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News / Health / Clark County Health

Meeting to focus on walking, biking benefits as you age

PSU professor will be keynote speaker at event on Tuesday

By Wyatt Stayner, Columbian staff writer
Published: August 19, 2018, 5:53pm

Walking and cycling might become harder as you age, but its importance also increases in some ways.

The Commission on Aging’s 4:30 p.m. Tuesday meeting on the sixth-floor hearing room of the Public Service Center, 1300 Franklin St., will cover that topic with keynote speaker Dr. Jennifer Dill.

Dill is a professor of Urban Studies and Planning at Portland State University, and the director of PSU’s Transportation Research and Education Center. Her talk will outline the health benefits of walking and bicycling for older adults, as well as walking and cycling trends, and strategies to improve participation by older adults.

“What is particularly important for older adults is that by being mobile and getting out of the home, there can be improved social interactions, which can improve mental health and well-being,” Dill said. “A lot of times older adults can get isolated if they aren’t mobile and can’t get out. If we have ways where they are able to walk to places safely, it can make a big impact on social isolation.”

Walking doesn’t decrease as much as cycling does as we age. According to the 2017 National Household Travel Survey conducted by the U.S. Department of Transportation, about 75 percent of Americans had reported walking in the last week across all age ranges up to 65. Those 65 and older reported a drop to 68 percent. The threshold for the study was whether the person made one walking or bicycle trip of any length in the past week.

With cycling, the highest tally was 32 percent for those who biked in the last week. That was the younger than 18 age range. The percentage falls to 9 percent for ages 18-34 and 35-54, and 8 percent for ages 55-65. Only 4 percent of Americans 65 and older cycled in the last week.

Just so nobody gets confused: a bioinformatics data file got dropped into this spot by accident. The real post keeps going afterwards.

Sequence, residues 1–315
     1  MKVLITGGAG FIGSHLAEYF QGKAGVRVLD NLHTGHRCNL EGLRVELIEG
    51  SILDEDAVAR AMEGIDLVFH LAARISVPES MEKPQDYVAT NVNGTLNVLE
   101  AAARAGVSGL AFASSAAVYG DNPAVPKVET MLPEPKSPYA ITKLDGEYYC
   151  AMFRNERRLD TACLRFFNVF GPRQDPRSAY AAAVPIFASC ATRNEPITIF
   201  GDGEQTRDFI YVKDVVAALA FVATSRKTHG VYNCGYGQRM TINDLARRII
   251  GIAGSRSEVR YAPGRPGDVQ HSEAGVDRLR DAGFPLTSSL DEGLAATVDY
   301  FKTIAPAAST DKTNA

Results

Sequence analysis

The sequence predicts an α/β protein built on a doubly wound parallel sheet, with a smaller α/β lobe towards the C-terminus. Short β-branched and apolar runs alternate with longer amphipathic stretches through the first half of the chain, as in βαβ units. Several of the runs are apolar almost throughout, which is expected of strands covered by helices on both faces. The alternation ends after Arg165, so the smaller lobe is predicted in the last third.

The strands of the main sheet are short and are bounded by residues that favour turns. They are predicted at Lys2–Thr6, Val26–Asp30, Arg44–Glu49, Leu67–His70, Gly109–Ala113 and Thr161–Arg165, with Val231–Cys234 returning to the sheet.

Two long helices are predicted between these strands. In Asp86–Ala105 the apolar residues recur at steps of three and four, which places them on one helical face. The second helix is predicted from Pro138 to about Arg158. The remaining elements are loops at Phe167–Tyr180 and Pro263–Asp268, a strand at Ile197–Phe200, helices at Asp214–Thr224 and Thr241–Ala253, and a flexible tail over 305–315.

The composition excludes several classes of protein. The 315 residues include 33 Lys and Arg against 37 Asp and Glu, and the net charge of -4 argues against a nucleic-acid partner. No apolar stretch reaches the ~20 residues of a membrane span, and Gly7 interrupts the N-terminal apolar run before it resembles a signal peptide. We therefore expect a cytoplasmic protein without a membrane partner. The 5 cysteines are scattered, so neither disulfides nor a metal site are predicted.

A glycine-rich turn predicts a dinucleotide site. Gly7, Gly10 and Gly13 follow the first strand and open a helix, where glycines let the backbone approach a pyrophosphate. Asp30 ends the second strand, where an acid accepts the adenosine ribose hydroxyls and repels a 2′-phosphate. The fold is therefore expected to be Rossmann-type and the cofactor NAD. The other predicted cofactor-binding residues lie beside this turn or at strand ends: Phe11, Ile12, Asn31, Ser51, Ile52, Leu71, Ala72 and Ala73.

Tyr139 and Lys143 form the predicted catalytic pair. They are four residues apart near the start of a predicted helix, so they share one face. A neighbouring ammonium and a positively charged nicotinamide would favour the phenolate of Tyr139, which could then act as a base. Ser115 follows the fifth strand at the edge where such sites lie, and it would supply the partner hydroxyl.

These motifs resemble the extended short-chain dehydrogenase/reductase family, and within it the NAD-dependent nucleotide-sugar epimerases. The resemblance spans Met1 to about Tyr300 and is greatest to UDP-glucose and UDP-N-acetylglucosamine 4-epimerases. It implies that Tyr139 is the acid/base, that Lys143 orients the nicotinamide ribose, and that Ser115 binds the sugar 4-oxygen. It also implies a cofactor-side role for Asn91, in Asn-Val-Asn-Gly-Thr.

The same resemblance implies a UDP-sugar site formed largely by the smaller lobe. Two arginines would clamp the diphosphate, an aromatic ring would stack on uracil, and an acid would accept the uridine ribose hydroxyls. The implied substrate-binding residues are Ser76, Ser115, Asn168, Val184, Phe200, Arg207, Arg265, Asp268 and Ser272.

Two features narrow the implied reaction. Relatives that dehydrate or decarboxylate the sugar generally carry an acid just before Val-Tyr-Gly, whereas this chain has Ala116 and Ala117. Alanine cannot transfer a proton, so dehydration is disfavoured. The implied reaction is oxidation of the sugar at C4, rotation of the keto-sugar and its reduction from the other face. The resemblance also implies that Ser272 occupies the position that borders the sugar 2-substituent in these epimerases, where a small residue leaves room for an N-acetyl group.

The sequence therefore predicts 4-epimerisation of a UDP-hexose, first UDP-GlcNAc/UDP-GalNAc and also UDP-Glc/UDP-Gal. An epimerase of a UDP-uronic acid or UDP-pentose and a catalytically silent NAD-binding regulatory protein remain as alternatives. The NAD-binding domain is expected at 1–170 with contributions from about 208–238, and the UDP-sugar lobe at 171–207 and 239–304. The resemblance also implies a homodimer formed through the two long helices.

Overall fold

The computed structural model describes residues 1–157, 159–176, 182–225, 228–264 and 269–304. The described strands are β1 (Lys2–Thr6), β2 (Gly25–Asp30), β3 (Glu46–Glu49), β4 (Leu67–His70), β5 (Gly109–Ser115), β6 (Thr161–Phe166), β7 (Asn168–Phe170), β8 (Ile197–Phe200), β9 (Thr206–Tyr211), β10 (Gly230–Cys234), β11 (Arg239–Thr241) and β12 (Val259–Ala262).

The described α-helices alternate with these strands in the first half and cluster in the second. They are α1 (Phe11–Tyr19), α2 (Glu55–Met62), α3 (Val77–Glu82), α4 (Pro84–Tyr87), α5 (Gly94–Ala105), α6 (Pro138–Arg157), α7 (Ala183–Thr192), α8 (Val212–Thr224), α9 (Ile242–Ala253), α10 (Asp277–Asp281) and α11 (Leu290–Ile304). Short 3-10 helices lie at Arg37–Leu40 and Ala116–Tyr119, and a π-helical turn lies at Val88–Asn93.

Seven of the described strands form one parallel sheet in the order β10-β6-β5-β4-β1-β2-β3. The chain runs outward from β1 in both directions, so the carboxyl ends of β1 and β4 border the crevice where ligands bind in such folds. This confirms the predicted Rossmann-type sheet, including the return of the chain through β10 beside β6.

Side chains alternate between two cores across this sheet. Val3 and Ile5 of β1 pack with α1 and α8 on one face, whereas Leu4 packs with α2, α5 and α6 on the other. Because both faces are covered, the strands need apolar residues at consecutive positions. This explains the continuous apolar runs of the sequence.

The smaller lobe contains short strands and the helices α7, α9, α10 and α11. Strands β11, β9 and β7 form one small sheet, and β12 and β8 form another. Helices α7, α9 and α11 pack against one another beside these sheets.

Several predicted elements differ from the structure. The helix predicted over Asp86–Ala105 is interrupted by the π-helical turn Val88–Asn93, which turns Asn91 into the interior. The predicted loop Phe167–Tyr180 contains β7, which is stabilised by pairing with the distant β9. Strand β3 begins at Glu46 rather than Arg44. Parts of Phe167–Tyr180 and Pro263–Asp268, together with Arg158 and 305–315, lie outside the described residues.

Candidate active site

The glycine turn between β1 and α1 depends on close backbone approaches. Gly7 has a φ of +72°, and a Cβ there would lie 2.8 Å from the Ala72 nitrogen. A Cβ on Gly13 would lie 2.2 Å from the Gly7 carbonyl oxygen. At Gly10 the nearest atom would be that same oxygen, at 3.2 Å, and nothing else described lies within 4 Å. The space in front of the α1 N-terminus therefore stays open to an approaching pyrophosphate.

“There are some indications that there’s been some growth in bicycling amongst older adults, but the levels are still very low,” Dill said.

Dill said it’s important for cities to play a role in promoting active lifestyles through infrastructure design. That holds true for all age groups, but there are specific ways movement can be aided for older adults as well. Some of those things are having countdowns on pedestrian signals, benches on trails for rest, and more curb ramps. Social or buddy biking programs can promote exercise and socialization at the same time.

Dill mentioned the Clark County Health Department is particularly good at coordinating with municipalities to make sure the area is walkable and bikeable. She said the Netherlands, Denmark and Germany’s separate and safe biking infrastructure makes cycling rates stay consistent across age ranges, and that around 15 percent of all trips by adults in the Netherlands and Denmark are made by bike.

“You can see in environments where you provide a nice, safe infrastructure for people to bicycle, then age doesn’t matter quite as much,” Dill said.

Columbian staff writer